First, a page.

EDITOR, The Tribune.
I took note of a September 20 article on the front page of The Nassau Guardian concerning allegations made by the Free National Movement party that the Davis administration is currently facing a cash crunch crisis. The Nassau Guardian was careful to add that the official opposition offered no proof to substantiate its explosive claims. Prime Minister Philip Brave Davis is the substantive minister of finance. Prominent Progressive Liberal Party supporter Simon Wilson is the financial secretary in the Ministry of Finance -- a post I believe is really a de facto state ministerial position without the said title. Wilson, for all intents and purposes, is a technocrat who, I believe, is running the show in Finance.
Based on the rosy picture Davis painted for the nation in his budget communication in May, it would be downright demoralising if there’s even a grain of truth to what the FNM is alleging. While certain political operatives are acting as if The Bahamas has entered the Millennium promised by the Book of Revelations chapter 20, many Bahamian families have been hard hit by the current inflation crisis. Whatever prosperity brought on by the ongoing economic boom spurred by the robust tourism sector has been offset by the rising cost of electricity, oil, building supplies and food. If you earn, say, $2,500 per month, chances are your living expenses exceeds $3,000- plus. The current dilemma has eroded the middle class and has plunged poor Bahamian families deeper into poverty. Individuals who are singing another tone are living in a bubble and are totally oblivious to the extent of the suffering on the ground. Obviously, these are external factors that the PLP government cannot control.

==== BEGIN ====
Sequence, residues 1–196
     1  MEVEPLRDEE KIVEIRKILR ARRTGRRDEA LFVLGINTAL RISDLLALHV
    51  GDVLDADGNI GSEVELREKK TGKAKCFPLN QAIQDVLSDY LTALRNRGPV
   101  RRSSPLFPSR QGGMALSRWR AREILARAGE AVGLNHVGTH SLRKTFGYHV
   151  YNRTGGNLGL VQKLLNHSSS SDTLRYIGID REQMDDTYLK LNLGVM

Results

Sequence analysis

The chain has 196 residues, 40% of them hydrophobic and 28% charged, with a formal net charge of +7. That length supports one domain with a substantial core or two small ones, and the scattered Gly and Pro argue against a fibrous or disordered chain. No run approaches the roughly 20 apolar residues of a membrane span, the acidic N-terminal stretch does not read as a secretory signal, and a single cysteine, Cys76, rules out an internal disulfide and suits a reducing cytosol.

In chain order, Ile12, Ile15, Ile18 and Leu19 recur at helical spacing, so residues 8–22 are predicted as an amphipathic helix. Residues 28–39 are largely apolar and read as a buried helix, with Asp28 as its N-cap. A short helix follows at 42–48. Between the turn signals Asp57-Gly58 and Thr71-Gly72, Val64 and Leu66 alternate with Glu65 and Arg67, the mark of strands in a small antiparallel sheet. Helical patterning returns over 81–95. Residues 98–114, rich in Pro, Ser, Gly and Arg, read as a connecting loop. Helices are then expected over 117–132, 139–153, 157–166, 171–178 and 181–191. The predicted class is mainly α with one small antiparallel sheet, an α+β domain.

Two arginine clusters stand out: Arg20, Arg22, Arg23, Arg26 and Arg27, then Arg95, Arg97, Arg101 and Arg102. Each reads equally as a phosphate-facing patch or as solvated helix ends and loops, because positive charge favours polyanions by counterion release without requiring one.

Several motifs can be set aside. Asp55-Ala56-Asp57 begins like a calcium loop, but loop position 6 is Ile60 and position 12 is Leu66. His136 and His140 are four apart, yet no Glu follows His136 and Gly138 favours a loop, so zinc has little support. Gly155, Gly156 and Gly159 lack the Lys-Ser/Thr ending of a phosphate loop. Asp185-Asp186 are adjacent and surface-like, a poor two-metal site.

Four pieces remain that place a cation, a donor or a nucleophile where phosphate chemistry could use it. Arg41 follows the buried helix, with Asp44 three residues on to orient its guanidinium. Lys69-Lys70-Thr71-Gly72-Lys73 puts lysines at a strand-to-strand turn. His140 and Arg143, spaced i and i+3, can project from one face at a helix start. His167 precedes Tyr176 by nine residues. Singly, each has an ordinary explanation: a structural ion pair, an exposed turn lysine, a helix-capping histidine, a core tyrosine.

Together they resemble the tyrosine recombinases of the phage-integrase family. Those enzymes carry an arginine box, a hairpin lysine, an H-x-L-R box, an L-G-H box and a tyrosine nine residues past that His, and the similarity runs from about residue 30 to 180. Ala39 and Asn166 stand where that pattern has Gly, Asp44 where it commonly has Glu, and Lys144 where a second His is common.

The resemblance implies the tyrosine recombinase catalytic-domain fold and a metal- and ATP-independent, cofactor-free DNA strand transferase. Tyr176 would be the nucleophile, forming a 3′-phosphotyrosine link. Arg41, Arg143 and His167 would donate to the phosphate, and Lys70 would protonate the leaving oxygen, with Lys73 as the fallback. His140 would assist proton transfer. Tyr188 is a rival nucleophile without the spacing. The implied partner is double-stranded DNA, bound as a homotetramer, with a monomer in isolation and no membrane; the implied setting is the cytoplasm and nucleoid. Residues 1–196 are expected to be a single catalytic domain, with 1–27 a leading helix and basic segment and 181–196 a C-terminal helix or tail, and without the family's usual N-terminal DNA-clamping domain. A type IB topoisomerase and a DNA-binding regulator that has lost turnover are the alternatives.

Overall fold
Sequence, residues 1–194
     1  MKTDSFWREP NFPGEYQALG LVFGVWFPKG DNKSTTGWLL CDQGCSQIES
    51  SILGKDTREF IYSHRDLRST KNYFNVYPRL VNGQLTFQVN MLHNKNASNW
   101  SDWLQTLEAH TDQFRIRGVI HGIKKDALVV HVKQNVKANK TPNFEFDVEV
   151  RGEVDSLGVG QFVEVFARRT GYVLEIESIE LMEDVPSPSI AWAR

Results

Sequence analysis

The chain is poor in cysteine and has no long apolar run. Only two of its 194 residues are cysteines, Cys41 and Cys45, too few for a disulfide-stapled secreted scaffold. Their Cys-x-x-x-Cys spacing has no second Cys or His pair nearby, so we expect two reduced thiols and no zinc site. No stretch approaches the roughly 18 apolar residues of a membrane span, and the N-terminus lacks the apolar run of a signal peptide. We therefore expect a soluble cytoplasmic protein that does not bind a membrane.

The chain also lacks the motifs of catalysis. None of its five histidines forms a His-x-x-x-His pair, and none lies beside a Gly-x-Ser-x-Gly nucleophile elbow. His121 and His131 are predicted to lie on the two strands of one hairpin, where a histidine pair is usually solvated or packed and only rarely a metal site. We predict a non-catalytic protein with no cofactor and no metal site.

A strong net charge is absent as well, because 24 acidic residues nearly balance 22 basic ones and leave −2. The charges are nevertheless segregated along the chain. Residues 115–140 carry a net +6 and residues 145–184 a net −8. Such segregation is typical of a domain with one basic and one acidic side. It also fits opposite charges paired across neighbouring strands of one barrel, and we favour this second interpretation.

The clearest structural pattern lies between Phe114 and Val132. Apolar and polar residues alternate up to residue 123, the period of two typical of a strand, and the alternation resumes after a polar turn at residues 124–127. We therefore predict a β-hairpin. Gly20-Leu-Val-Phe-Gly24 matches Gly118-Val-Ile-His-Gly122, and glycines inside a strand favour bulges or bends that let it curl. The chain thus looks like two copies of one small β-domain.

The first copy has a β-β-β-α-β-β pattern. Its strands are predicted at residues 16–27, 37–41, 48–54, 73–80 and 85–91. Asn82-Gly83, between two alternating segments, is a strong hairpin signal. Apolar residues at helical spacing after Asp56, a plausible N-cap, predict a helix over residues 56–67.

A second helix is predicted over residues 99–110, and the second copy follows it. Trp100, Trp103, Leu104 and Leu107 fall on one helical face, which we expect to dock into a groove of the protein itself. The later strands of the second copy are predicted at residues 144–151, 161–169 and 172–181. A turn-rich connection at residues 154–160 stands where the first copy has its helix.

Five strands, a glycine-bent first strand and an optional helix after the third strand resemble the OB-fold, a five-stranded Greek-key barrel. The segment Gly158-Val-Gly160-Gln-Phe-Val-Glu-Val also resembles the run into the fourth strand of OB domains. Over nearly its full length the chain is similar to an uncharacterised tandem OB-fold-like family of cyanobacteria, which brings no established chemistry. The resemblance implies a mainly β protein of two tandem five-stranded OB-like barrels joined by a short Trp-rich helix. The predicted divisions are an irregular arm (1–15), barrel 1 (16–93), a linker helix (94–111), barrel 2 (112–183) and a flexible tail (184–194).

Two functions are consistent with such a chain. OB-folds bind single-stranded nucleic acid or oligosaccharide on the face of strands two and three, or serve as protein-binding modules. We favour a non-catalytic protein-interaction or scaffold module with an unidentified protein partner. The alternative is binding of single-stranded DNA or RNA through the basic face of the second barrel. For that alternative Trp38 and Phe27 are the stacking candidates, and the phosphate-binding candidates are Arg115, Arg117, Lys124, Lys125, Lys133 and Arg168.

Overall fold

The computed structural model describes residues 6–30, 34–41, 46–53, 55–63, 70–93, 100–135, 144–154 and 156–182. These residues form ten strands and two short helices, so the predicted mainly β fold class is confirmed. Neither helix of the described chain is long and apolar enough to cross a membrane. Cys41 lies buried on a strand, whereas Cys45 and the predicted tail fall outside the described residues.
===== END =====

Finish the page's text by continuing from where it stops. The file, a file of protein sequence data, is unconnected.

Yet we must bear in mind that the former Minnis administration was held accountable by the media, the political opposition parties and thousands of Bahamians for Hurricane Dorian and the COVID-19 pandemic. But I digress. The point I am clumsily attempting to make is that the FNM might have sympathetic individuals within the Ministry of Finance who are ratting on the Davis administration. This is a possibility, considering all that has transpired over the past twelve months. I call them whistleblowers. They’re not necessarily FNM supporters. For all we know, they could be disgruntled PLPs or individuals who are politically neutral, but have reached out to the official opposition to voice their concerns. Going to the Coalition of Independents, to them, is a complete waste of time, as this upstart political organisation has no presence in the House of Assembly.
These moles within the public sector might be afraid to approach the prime minister, as any negative report regarding the financial state of the Public Treasury could be perceived as an attack on his administration and its handling of the public purse. This is all speculation. Maybe the FNM has made up these allegations to gain political traction. Or maybe they are telling the truth, but will not divulge its source of information in order to protect its whistleblowers. I for one do hope that these allegations are patently false, and that the state is able to meet its financial commitments in a timely manner. As a Bahamian, I am rooting for the Davis administration to succeed in managing our financial affairs.
September 20, 2023.